OKUMA, JAPAN - FEBRUARY 23: Yusuke Nakagawa of TEPCO poses for a portrait on February 23, 2016 in Okuma, Japan. Nakagawa works in the team that operates the robotics used to de-contaminate in the reactor buildings. Nakagawa says he wants to contribute to the recovery of Fukushima, and de-contaminating the reactors is the crucial task needed to proceed the reactor decommission, the most important issue of Fukushima Daiichi. March 11, 2016 marks the fifth anniversary of the magnitude 9.0 earthquake and tsunami which claimed the lives of 15,894, and the subsequent damage to the reactors at TEPCO's Fukushima Daiichi Nuclear Power Plant causing the nuclear disaster which still forces 99,750 people to live as evacuees away from the contaminated areas. (Photo by Christopher Furlong/Getty Images)
OKUMA, JAPAN - FEBRUARY 23: Isao Abe of Kajima Corporation poses for a portrait on February 23, 2016 in Okuma, Japan. Abe works on the ice walls to block the groundwater flow from the sides into the Fukushima Daiichi Nuclear Power Plant. Ever since the disaster happened, his colleagues in his team was assigned to work in the Fukushima Daiichi, so Abe knew that his turn would come soon or later. Abe feels it is such an important job. March 11, 2016 marks the fifth anniversary of the magnitude 9.0 earthquake and tsunami which claimed the lives of 15,894, and the subsequent damage to the reactors at TEPCO's Fukushima Daiichi Nuclear Power Plant causing the nuclear disaster which still forces 99,750 people to live as evacuees away from the contaminated areas. (Photo by Christopher Furlong/Getty Images)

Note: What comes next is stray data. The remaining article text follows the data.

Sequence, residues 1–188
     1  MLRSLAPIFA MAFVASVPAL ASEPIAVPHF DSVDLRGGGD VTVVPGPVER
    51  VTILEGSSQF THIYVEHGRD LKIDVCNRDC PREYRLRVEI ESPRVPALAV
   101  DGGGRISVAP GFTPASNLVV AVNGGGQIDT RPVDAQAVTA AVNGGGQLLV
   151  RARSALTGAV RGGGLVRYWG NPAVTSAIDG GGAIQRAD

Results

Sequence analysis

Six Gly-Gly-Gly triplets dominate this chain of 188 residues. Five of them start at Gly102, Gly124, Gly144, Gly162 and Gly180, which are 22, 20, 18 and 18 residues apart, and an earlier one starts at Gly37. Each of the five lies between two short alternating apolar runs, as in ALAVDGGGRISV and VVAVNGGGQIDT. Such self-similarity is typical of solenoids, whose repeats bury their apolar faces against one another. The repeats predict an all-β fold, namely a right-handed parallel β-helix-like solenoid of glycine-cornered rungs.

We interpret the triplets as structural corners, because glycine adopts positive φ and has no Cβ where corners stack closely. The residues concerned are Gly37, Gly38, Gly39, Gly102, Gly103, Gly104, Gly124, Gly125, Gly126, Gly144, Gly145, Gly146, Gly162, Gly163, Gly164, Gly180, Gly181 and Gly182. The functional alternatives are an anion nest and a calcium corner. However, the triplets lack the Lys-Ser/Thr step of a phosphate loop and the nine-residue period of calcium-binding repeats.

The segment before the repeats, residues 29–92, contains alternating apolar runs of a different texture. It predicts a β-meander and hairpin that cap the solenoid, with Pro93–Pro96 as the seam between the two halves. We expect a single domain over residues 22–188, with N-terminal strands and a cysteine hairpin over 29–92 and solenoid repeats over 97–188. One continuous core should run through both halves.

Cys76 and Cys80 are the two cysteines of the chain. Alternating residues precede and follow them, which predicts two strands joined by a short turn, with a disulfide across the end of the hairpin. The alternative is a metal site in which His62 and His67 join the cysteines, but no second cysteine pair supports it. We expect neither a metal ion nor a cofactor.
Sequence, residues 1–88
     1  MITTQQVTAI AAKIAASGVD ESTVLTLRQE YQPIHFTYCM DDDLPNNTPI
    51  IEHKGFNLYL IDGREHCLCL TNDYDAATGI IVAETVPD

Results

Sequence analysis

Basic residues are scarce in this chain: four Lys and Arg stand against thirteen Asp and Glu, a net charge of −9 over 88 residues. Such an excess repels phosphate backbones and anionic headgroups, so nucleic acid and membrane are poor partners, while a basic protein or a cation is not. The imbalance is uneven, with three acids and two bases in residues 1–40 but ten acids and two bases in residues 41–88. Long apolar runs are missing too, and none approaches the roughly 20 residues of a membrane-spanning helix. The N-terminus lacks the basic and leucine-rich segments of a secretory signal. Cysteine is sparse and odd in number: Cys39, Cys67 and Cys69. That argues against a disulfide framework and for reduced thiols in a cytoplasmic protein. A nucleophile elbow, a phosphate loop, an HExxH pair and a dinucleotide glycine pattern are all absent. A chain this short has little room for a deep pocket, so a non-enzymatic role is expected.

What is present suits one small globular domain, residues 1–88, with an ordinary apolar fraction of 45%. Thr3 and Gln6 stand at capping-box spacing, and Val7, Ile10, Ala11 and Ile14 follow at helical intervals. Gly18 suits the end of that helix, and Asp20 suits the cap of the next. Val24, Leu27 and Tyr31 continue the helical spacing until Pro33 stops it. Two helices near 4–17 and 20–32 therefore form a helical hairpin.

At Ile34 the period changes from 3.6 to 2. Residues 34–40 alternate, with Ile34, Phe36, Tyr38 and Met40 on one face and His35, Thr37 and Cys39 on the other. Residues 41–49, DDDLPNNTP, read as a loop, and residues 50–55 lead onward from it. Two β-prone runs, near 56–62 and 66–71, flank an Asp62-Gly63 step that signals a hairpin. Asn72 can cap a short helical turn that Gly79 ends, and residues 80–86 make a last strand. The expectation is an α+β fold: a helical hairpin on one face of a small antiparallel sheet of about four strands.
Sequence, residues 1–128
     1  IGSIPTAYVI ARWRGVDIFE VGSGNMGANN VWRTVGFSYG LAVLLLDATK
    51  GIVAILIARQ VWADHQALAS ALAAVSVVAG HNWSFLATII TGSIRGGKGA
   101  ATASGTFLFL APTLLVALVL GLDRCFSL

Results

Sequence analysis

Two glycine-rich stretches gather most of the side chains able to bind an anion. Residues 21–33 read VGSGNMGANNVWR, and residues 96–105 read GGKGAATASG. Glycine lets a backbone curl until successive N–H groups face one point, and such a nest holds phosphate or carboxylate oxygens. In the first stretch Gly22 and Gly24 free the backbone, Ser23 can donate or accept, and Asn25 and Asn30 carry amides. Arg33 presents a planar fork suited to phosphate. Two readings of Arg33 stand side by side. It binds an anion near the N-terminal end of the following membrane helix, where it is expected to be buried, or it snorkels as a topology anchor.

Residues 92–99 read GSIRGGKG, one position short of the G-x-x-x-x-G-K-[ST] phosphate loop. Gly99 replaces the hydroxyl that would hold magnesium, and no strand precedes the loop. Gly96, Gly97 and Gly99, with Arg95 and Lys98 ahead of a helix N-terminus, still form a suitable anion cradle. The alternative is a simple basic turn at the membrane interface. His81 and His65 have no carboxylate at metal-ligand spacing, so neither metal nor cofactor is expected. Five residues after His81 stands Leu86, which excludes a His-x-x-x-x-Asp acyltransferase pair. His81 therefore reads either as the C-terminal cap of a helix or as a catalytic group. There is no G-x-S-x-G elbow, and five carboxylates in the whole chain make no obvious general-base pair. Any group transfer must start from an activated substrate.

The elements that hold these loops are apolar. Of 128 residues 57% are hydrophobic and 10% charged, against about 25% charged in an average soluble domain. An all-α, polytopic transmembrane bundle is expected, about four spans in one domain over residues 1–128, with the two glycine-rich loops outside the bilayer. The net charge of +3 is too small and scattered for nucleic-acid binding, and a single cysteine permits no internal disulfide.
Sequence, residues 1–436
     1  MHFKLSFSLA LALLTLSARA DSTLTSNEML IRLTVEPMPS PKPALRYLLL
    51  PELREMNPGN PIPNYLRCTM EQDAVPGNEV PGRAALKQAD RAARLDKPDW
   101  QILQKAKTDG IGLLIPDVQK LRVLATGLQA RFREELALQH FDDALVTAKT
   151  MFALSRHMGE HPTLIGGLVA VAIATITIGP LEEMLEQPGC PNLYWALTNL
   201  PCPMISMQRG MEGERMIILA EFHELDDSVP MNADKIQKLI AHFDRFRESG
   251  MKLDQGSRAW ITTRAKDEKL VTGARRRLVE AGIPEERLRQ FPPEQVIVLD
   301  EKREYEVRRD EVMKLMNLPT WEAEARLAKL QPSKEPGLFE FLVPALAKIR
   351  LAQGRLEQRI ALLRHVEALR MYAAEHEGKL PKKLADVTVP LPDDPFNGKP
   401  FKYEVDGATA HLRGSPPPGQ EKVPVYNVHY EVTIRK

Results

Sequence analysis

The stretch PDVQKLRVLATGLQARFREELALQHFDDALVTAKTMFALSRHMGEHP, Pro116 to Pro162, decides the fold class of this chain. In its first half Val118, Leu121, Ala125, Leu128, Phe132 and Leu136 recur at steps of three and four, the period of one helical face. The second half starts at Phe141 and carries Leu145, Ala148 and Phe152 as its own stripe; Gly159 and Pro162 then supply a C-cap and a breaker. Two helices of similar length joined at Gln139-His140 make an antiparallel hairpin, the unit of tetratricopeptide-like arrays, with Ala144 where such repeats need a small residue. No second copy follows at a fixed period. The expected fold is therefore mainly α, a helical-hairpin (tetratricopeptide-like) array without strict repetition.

OKUMA, JAPAN - FEBRUARY 23: Shinichi Koga of Kajima Corporation poses for a portrait on February 23, 2016 in Okuma, Japan. Koga works on the project to build the ice wall that blocks the groundwater flow from the ocean side into the Fukushima Daiichi Nuclear Power Plant. Koga says that the difficult part of his jobs is the environment where he has to wear these protective gears, and there are many restrictions and his tasks require him to ask for permissions from the regulation authorities to proceed. March 11, 2016 marks the fifth anniversary of the magnitude 9.0 earthquake and tsunami which claimed the lives of 15,894, and the subsequent damage to the reactors at TEPCO's Fukushima Daiichi Nuclear Power Plant causing the nuclear disaster which still forces 99,750 people to live as evacuees away from the contaminated areas. (Photo by Christopher Furlong/Getty Images)